What's green infrastructure, and why should you care?

Natural wetland at Sunken Meadow State Park, Kings Park, (Long Island) N.Y. Credit: Erica Cirino, January 2016

Natural wetland at Sunken Meadow State Park, Kings Park, (Long Island) N.Y. Credit: Erica Cirino, January 2016

Recently, I pursued an environmental story for a Long Island paper that was refreshingly unlike most environmental news news today: hopeful and positive. 

In short, the story details the approval of grant money awarded by various pro-environmental groups and environmental management agencies to the Town of Huntington to install and implement a "green infrastructure" project. While reviewing the official documents and doing my interviews, I started thinking hard about green infrastructure and its place in today's overly polluted world.

If you're unfamiliar with infrastructure, much less green infrastructure, here are two basic things you should know:

  1. Infrastructure, in the physical sense, is defined as the basic structures and equipment needed for everyday life to function in a given place or region. For instance, roads and bridges are an example of infrastructure. Since they are made of manmade materials, they are considered “gray” infrastructure.
  2. Green infrastructure then, is infrastructure made of natural materials and is engineered in a way that closely mimics that which is natural. Green infrastructure projects include preserving wetlands, which naturally filter water, instead of building wastewater treatment plants, and restoring floodplains instead building levees in flood-prone areas.

So why should you care about green infrastructure? Green infrastructure takes advantage of the environment’s natural abilities to preserve ecosystems, as well as provide a sustainable supply of natural resources, especially clean water. The key word there is “sustainable.” Think of how often wastewater treatment plants need to be repaired, replaced or overhauled. 

Wetlands are extremely productive ecosystems chock full of microbes, wildlife—importantly, insects, shellfish and fish—that help cycle water, nitrogen and sulfur. Many of these organisms are “bioremediators," meaning they’re able to naturally remediate polluted environments by breaking down toxic materials into less or non-toxic materials. For example, "phytoremediators" include cattails and other reedy plants that can pull heavy metals out of water and soil, leaving behind a much less toxic environment. Thick sandy soils are bioremediators because they naturally filter hydrocarbons out of water contaminated by gasoline or oil.

In suburban and urban areas (usually more so than rural areas), pollution is a persistent environmental problem. Gray infrastructure like roads and bridges and pipes easily transport pollutants—from petroleum to manufacturing chemicals to fertilizers—into groundwater and surface waters such as lakes, bays and rivers. Shoring up green infrastructure and replacing some gray infrastructure with green infrastructure can go a long way in making for a less toxic environment.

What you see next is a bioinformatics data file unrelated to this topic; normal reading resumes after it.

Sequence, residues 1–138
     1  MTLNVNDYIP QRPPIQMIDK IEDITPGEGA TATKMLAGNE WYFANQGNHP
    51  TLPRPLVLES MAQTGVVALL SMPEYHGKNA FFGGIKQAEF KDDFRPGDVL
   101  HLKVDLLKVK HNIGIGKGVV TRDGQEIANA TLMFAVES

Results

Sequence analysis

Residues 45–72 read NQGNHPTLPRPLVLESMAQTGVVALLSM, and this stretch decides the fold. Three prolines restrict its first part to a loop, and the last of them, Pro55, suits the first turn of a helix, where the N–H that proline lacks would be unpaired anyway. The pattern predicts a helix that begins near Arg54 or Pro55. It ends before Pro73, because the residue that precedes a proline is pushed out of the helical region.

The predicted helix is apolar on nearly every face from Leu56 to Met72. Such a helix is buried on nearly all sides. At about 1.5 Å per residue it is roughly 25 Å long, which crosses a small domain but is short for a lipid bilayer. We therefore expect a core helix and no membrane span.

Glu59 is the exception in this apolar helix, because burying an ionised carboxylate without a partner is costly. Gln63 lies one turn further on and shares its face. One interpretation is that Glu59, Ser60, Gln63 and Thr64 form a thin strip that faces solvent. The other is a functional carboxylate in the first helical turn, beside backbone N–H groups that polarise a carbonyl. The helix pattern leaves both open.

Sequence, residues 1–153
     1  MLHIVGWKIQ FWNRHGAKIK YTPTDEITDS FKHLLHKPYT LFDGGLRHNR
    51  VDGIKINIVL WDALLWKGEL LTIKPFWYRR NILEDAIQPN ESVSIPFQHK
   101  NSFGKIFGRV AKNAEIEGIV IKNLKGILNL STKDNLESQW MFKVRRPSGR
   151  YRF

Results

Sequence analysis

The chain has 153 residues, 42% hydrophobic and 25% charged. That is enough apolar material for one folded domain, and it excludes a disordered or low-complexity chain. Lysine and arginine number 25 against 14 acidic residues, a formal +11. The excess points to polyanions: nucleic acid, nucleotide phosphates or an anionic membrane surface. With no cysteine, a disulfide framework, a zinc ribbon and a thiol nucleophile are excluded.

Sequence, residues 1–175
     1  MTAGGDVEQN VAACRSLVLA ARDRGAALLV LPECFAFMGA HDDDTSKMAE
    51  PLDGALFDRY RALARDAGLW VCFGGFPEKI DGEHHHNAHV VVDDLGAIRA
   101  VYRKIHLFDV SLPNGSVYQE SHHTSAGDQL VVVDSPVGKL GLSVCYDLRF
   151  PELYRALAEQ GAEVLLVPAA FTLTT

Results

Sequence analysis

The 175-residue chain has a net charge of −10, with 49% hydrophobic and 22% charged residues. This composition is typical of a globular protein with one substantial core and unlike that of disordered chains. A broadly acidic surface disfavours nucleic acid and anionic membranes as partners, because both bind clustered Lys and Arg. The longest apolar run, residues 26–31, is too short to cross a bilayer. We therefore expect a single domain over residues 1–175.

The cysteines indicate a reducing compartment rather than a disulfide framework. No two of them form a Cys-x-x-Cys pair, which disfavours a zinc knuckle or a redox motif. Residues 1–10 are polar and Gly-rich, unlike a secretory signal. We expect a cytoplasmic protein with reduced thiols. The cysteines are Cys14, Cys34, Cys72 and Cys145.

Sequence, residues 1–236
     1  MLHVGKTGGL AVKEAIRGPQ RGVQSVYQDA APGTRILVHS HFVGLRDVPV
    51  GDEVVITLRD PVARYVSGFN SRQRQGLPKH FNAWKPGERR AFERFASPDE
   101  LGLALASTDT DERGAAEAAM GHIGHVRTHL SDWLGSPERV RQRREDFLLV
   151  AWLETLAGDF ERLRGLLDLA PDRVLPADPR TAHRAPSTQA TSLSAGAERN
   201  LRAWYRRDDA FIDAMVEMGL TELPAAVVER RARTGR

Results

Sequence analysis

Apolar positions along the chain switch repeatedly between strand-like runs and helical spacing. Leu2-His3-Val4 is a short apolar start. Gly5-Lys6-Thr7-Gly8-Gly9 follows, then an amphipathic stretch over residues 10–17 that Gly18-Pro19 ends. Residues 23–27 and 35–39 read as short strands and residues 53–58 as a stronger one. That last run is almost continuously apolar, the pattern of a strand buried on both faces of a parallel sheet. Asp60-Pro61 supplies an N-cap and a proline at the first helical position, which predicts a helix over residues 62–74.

Rain garden in Minneapolis, Minnesota. Rain gardens--gardens filled with native plants in permeable soils--can go a long way in filtering pollutants out of stormwater runoff before it enters the water table. Credit: Brian Ash (Wikimedia)

Rain garden in Minneapolis, Minnesota. Rain gardens--gardens filled with native plants in permeable soils--can go a long way in filtering pollutants out of stormwater runoff before it enters the water table. Credit: Brian Ash (Wikimedia)

Green infrastructure can be implemented on virtually any scale—from private households to public buildings to sprawling municipal zones. Examples include:

So this brings me back to my local news story. As a lifelong Long Island resident, over my 23 years I’ve become well-versed in my home region’s contamination and environmental problems. I’ve seen and experienced the pollution firsthand. That’s why I’m especially excited to report on a new project slated for Centerport Beach, meant to help improve water quality in Northport Bay (currently home to a lot of dirty stormwater runoff, wastewater effluent and other unpleasant-sounding substances). Northport Bay routinely has beach closures after heavy rains because so much pollution runs off into it—causing dangerous algal blooms and other toxic water problems, and harming the health of people, wildlife and pets. This problem is widespread among communities on and around the Long Island Sound—and elsewhere in the nation (check out the water situation unfolding in Flint, Michigan).

This year the Long Island Sound Futures Fund extended 22 grants to various communities along the Long Island Sound so that these communities can implement water-remediation projects, many of which incorporate green infrastructure….

Well I don’t want to spoil the story, so I ask you pick up a copy of this week’s Northport Observer and look for my byline. :)

From an environmental/journalistic perspective, I have a balanced view: Projects like these are positive progress, but there is much, much more left for us to do. Clean water shouldn’t be a luxury. People shouldn’t have to worry about getting sick from drinking or swimming in contaminated water. Green infrastructure has a lot of potential as an affordable, sustainable way to help remediate, preserve and protect the environment, and should be seriously considered as a fundamental part of building policy in communities across the nation, and world.


Lingering thoughts:

  • What are your ideas about green infrastructure?
  • Which green infrastructure project grants awarded by the Long Island Sound Futures Fund do you think will be most beneficial to Long Island Sound communities?
  • What green infrastructure projects do you want to see in your community?